//The journey of the Knipe Family & Vegaz\\

After years in the horse business, Ken and Susan Knipe had carved out a niche for themselves that they felt comfortable with. Their kids competed, they kept a relatively small group of high-quality horses, and they were happy with the successes that their family achieved. It seems that fate had something else in mind for the Knipes, though, and they began to get a glimpse of it when Shan and Chris Wilson and Leah Beth Boyd called to tell them about a horse named Vegaz that they had seen at an Addis Auction. “This colt came up and had a great hind end, and he appeared to have motion,” Chris Wilson says. “We thought he was pretty enough and necky enough; Ken could re-sell him at the very least.”

Ken agreed to buy the colt, then 2 years old, but it was quite some time before he saw the horse. When he did, however, he knew he had made the right decision. “When I first saw him, he absolutely blew me away with his talent and beauty,” Ken says. It was also quite some time before he told Susan that he’d bought Vegaz, as four months passed before she found the check stub. “I was just of the opinion that, ‘we have enough horses, we don’t need another horse,’” Susan says. “That was my mantra.” Ken and Susan both look back on the situation with a hearty laugh now, even though Susan says that she was definitely “not a happy camper.” All it took was for her to see the bay colt to make any upset melt away. “When I saw him, I was like, ‘Wow! We need to keep him!’ she says. “All was forgiven when I saw him and realized he was a great horse.”

The judges at the U.S. Nationals obviously concurred when they crowned him National Champion in the English Pleasure Futurity. That win brought Vegaz to the forefront of the minds of English pleasure enthusiasts in the industry, but the Knipes decided to let the colt have a year out of the limelight, and let him pass his fourth year without setting foot in the show ring. “We just turned him out, let him be a horse,” Ken says. “I thought it was good for his maturity and his mind.” At the same time, they were also gearing up to enable Vegaz to take the next step in his career—breeding.

More than 30 mares were bred to the promising young stallion, and now those foals are hitting the ground trotting. Chris Wilson says that the response to the youngsters has been overwhelmingly positive. “Every time that a person had gotten a foal by him, I’d call them, and their comments would be crazy good,” Wilson says. “I feel like this first foal crop is exceptionally good for a first foal crop, let alone any foal crop.” He adds that owners are seeing in the foals the same qualities that make Vegaz such an appealing individual—short backs, long front legs, low-set hocks, extremely upright necks and pretty faces with tippy ears and good expression. “There are strong qualities about this horse’s physique that allows him to have an open range of motion from his shoulder, and strength and balance from behind,” Wilson says. “He’s passing on all of those qualities that allow these horses to do what we want them to do.”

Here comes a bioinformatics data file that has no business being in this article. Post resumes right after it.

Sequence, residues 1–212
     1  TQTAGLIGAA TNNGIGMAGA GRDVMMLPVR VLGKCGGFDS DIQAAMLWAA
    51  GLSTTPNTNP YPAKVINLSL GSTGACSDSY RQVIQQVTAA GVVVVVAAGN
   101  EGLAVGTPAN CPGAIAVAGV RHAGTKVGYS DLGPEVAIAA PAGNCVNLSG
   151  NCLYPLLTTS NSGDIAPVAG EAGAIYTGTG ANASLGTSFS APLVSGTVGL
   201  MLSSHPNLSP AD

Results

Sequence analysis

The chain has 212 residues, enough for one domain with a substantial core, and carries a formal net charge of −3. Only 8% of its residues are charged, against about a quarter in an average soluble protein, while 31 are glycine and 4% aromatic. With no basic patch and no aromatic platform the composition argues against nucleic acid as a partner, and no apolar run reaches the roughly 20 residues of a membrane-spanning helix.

Both Wilson and the Knipes note that Vegaz’s pedigree is one that would be strong on its own merits, but that there are other factors that make it even more desirable. “When both his sire, Apollopalooza, and his grandsire, MHR Nobility, died, we thought, ‘These fabulous bloodlines are gone now,’” Ken Knipe says. Wilson adds that those lines have a very capable progenitor in Vegaz. “His pedigree is very deep, so it’s no accident that he’s breeding on and breeding true,” he says. “He’s the perfect outcross for so many kinds of mares—Afire Bey V, Baske Afire, *El Ghazi, Afires Heir, Huckleberry Bey mares, Zodiac Matador mares—and we’re particularly excited to cross him with the Mamage daughters.” In the pantheon of stallions available to breed to, Wilson says that Vegaz, because of the demonstrated quality of his foals and the indispensable value of his bloodlines, is right at the top. “He’s in the top five stallions to breed to, of all ages.”

Vegaz’s show ring fans will have the chance to watch him make another go for the rose blanket in English pleasure junior horse later this year. The Knipes and Wilson say that as much as they’re looking forward to that, the promise that this foal crop has shown is what they hope will define Vegaz. “Breeding is so exciting because it has longevity and it will carry into future generations,” Susan says. “So, I guess in a way, that may be the most important thing about what his legacy will be—producing champions of his own.”